The figure to the left is from Genomic insights into the origin of farming in the ancient Near East, a paper published about a year and a half ago. You see various South Asian populations being modeled as a mixture of four different source populations. The Onge are an Andaman Islander population (and the closest we can get to the aboriginal peoples of South Asia). Iran_N represents Neolithic Iranians, the canonical “eastern farmer” population. Steppe_EMBA represent Yamnaya pastoralists, who are themselves modeled as a mixture of Eastern European Hunter-Gatherers (EHG) and southern population which has affinities with the Iran_N cluster. EHG in their turn seems to exhibit ancestry from Western European Hunter-Gatherers (WHG), whose heritage dates to the late Pleistocene, and Ancient North Eurasians (ANE), who flourished in Siberia, and contributed ancestry to populations to the west and east (including the ancestors of Native Americans).

When I first saw this specific figure I was incredulous. I had long thought that “Ancient North Indians” (ANI) were a compound of two elements, one related to the farmers of West Asia (Iran_N), and the other steppe Indo-European (Steppe_EMBA/Yamnaya). But the fraction of Yamnaya/Indo-European/Indo-Aryan ancestry seemed far too high.

A few years later I am less certain about my skepticism. The fractions here in the details are debatable. Within the text of the paper, the author admits that the true ancestral populations are probably not represented by the model. But they are close. In most cases, the “Han” ancestry is probably indicative of the fact that the non-ANI component of South Asian ancestry is most closely related to the Onge, but is significantly different nonetheless.

The ratio of Iran_N and Steppe_EMBA is the key. Here is a selection from the paper:

Group Iran_N Steppe_EMBA Ratio
Jew_Cochin 0.53 0.23 2.27
Brahui 0.60 0.30 1.98
Kharia 0.13 0.07 1.97
Balochi 0.57 0.32 1.75
Mala 0.23 0.18 1.25
Vishwabrahmin 0.25 0.20 1.21
GujaratiD 0.29 0.28 1.04
Sindhi 0.38 0.38 1.00
Bengali 0.22 0.25 0.91
Pathan 0.36 0.45 0.81
Punjabi 0.24 0.33 0.72
GujaratiB 0.27 0.38 0.72
Lodhi 0.21 0.29 0.72
Burusho 0.27 0.43 0.64
GujaratiC 0.23 0.37 0.61
Kalash 0.29 0.50 0.58
GujaratiA 0.26 0.46 0.57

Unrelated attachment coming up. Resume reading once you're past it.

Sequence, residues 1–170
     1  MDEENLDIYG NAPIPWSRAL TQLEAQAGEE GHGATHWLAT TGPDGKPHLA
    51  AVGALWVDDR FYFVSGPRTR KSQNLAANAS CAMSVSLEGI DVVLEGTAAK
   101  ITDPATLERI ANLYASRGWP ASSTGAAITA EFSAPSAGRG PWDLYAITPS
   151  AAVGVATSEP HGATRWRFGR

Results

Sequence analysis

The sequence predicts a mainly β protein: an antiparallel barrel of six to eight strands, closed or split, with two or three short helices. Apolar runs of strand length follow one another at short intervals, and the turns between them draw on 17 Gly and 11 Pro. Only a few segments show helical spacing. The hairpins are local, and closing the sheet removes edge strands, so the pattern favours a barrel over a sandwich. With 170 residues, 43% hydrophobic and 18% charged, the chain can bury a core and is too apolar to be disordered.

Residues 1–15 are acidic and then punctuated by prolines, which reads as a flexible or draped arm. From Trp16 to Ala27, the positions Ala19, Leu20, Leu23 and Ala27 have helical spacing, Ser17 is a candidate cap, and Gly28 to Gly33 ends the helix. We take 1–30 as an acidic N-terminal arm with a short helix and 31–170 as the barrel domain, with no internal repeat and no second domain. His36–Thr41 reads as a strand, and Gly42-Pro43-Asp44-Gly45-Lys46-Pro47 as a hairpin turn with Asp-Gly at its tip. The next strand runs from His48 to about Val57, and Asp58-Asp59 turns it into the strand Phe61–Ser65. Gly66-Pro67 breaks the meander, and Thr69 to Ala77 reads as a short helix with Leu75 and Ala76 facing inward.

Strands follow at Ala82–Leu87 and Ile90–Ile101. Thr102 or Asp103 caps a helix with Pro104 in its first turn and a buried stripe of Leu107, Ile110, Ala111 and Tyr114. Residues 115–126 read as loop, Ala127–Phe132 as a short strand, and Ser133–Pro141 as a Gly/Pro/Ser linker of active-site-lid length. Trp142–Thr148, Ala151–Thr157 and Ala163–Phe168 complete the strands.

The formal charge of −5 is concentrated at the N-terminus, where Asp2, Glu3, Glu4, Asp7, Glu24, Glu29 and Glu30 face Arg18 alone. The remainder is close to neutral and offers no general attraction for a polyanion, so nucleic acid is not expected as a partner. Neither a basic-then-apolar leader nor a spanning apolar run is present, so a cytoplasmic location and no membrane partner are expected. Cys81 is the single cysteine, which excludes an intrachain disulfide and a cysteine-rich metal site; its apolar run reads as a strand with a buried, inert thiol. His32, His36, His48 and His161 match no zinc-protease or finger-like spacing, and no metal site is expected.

Brahmin_Tiwari 0.23 0.44 0.51

Any way you slice it, a group like the Tiwari Brahmins of Northern India have more Onge-like ancestry than most of the groups in Pakistan. But also observe that the ratio toward Steppe_EMBA is more skewed in them than among even Pathans or Kalash.  The Lodhi, a non-upper caste population from Uttar Pradesh in north-central South Asia are more skewed toward Steppe_EMBA than Pathans.

It is important for me to reiterate that the key is to focus on ratios and not exact percentages. Though the Steppe_EMBA fraction did strike me as high, glimmers of these sorts of results were evident in model-based clustering approaches as early as 2010. The population in the list above most skewed toward Iran_N are Cochin Jews. This group has known Middle Eastern ancestry. But next on the list are Brahui, a Dravidian speaking group in Pakistan. There is a north-south cline within Pakistan, with northern populations (Burusho) being skewed toward Steppe_EMBA and southern ones (Sindhi) being skewed toward Iran_N. Additionally, Iranian groups such as Pathans and Baloch likely have had some continuous gene flow with Middle Eastern groups, probably inflating their Iran_N.

Trends I see in the data:

  1. There is a north-south cline within Pakistan with Steppe_EMBA vs. Iran_N
  2. There is a north-south cline within South Asia with Steppe_EMBA vs. Iran_N
  3. There is caste stratification within regions between Steppe_EMBA vs. Iran_N
  4. Though not clear in this table, there are strong suggestions that Indo-European speaking groups tend to be enriched in Steppe_EMBA, all things equal (e.g., the Bengalis in the 1000 Genomes look a lot like the middle-caste Telugus in the 1000 Genomes when you remove the East Asian ancestry…except for a noticeable small fraction of a component which I think points to Indo-European ancestry)

What does this mean in terms of a model of the settlement of South Asian over the past 4,000 years? One conclusion I have come to is that Dravidian speaking groups are not the aboriginal peoples of the subcontinent. Rather, their settlement across much of South Asia is very recent. Almost as recent as Indo-Aryan habitation. In First Farmers the archaeologist Peter Bellwood proposed this model, whereby Indo-Aryans and Dravidians both expanded across South Asia concurrently. Though I think elements of Bellwood’s model that are incorrect, it’s far more correct in my opinion than I believed when I first encountered it.

Why do I believe this?

  1. The Neolithic begins in South India in 3000 BC.
  2. Sri Lanka is Indo-European speaking